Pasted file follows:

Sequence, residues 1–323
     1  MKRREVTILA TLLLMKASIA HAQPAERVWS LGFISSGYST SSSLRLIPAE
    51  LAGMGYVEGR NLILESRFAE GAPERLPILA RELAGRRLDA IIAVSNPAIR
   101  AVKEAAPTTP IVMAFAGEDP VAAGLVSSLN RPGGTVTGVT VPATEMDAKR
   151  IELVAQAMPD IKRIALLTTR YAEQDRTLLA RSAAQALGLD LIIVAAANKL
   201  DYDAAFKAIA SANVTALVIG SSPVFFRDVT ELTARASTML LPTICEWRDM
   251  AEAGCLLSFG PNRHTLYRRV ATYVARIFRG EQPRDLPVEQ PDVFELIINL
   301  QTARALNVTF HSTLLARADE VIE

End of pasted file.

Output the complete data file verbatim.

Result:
Sequence, residues 1–323
     1  MKRREVTILA TLLLMKASIA HAQPAERVWS LGFISSGYST SSSLRLIPAE
    51  LAGMGYVEGR NLILESRFAE GAPERLPILA RELAGRRLDA IIAVSNPAIR
   101  AVKEAAPTTP IVMAFAGEDP VAAGLVSSLN RPGGTVTGVT VPATEMDAKR
   151  IELVAQAMPD IKRIALLTTR YAEQDRTLLA RSAAQALGLD LIIVAAANKL
   201  DYDAAFKAIA SANVTALVIG SSPVFFRDVT ELTARASTML LPTICEWRDM
   251  AEAGCLLSFG PNRHTLYRRV ATYVARIFRG EQPRDLPVEQ PDVFELIINL
   301  QTARALNVTF HSTLLARADE VIE